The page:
A certain type of bacteria, combined with one of the most short-chain fatty acids in the human body, seems to lead to dominance in social animals like mice.
It’s one of a long line of bizarre discoveries revealed through research into the long hypothesized but recently confirmed “gut-brain axis” of human physiology, where the chemical dialogue between the brain and the bacteria which live in GI tract determines many different health outcomes.
In a varied series of experiments, researchers at the University of Technology in Heifei, China, used antibiotics to create a dysbiosis of bacteria in the guts of mice before observing how their physical contests ended. Mice play wrestle as well as any pair of puppy dogs, and their outcomes are a result of one mouse’s position in the dominance hierarchy of his social group, or because of sheer strength and size.
The first step in their discovery was that after mice with induced dysbiosis of the microbiome were paired with a peer of equal age, weight, and athletic ability, but who had a normal microbiome, the deprived mouse lost almost all the fights, across all the pairs, almost all the time; 13 defeats and 2 draws for every pair to be exact.
As the popular psychologist Jordan Peterson has widely disseminated, rats will let a smaller rat win 3 of every 10 wrestling matches, and if it doesn’t the small rat will stop playing. With this in mind, some of the plus or minus irregularity, as well as the 2 draws, could be based on other social behaviors.
After discovering that some rats performed more dominantly than others, they reintroduced a healthy microbiota through fecal transplant into the mice that had lost. The fecal transplant restored chances of winning to comparable levels with mice who never received antibiotics.
To try and parse out from the thousands of bacteria species which were the ones responsible for this massive dominance deficit, the three best performing mice wrestlers had their microbiomes screened against their wrestling partners.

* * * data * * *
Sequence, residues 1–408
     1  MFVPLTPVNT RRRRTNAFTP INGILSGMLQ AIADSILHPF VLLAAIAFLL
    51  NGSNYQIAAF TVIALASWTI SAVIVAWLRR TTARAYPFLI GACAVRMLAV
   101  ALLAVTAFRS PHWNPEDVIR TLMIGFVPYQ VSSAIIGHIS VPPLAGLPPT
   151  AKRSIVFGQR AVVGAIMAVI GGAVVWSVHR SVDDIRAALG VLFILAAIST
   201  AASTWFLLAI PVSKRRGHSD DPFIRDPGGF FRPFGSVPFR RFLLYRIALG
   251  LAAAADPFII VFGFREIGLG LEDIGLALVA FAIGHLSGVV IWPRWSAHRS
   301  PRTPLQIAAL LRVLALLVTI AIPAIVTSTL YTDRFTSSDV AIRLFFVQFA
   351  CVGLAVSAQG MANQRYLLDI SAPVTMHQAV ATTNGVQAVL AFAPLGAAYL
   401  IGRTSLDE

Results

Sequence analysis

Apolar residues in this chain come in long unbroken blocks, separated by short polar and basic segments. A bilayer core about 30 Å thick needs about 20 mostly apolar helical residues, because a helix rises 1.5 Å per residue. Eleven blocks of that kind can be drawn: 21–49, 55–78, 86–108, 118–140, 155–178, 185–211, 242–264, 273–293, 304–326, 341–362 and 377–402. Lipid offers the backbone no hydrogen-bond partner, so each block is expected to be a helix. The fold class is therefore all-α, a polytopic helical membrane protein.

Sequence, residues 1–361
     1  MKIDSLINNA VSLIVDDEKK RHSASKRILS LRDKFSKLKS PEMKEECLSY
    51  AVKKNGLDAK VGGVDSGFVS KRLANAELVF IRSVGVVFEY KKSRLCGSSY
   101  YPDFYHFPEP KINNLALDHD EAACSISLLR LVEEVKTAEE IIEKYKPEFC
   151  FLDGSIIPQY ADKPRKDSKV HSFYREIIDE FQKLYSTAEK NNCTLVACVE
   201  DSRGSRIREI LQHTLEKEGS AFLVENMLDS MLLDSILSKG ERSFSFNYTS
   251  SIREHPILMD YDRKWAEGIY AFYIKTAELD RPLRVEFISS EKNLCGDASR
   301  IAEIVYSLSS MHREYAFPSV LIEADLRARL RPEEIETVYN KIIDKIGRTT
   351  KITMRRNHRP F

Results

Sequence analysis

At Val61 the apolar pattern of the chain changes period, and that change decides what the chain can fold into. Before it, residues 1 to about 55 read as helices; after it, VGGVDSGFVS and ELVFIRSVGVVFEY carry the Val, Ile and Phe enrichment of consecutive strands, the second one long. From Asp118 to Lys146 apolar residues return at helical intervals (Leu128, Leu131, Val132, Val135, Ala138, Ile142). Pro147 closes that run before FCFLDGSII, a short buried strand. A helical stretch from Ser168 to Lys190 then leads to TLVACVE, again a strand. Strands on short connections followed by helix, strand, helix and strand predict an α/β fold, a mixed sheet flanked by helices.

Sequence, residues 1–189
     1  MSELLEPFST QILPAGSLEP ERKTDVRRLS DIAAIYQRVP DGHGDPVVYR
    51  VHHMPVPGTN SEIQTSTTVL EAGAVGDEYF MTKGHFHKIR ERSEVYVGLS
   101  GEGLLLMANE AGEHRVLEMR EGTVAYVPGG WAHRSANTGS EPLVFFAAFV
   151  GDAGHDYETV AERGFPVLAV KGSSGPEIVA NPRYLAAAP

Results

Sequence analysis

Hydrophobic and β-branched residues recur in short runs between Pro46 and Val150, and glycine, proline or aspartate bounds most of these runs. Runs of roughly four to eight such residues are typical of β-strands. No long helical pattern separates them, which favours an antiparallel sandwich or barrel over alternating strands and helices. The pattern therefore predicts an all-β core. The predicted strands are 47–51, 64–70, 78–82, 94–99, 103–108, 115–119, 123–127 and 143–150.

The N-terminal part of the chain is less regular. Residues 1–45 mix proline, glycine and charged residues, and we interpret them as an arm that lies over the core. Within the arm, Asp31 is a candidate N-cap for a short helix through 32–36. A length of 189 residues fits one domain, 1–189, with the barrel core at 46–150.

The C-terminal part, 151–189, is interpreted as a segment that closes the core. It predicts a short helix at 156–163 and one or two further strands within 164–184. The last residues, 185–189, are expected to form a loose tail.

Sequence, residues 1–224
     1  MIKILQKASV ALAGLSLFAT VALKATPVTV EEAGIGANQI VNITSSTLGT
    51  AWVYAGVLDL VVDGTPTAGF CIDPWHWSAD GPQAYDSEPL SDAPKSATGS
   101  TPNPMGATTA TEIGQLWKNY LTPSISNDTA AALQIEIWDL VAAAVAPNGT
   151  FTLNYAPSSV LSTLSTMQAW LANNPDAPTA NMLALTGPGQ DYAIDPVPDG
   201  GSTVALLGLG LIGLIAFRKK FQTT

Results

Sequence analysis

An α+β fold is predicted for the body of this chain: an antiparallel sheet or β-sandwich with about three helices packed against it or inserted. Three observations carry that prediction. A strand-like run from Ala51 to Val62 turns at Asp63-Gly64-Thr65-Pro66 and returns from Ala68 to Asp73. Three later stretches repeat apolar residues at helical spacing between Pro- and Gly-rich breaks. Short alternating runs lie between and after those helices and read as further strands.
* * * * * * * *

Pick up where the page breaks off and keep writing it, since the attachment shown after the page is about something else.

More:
The team found that microbial compositions were largely the same, and that dysbiosis still led to 2,202 in 2,689 bacteria species being present in both mice. However, distinct bacterial communities were found in the three most dominant mice, notably the presence of a butyrate-producing bacteria species called Clostridium butryricum.
Butyrate, or butyric acid is a short-chain fatty acid metabolized for energy in the cells lining the colon. Without butyrate, the cells die. Measuring the levels of butyric acid in the feces of the mice, sure enough, the scientists found those who had received antibiotics had less, while supplementing butyric acid restored a mouse’s normal capability in physical contests with other mice.
It had no such effect on the control mice, suggesting that it doesn’t contribute dominance per se in social animals, but rather attenuates the submissive behavior in dysbiotic mice. Clostridium butryricum is actually a common taxa found in probiotics.
Other species richly found in the guts of the dominant mice included Akkermansia, Muribaculum, and Bifidobacterium.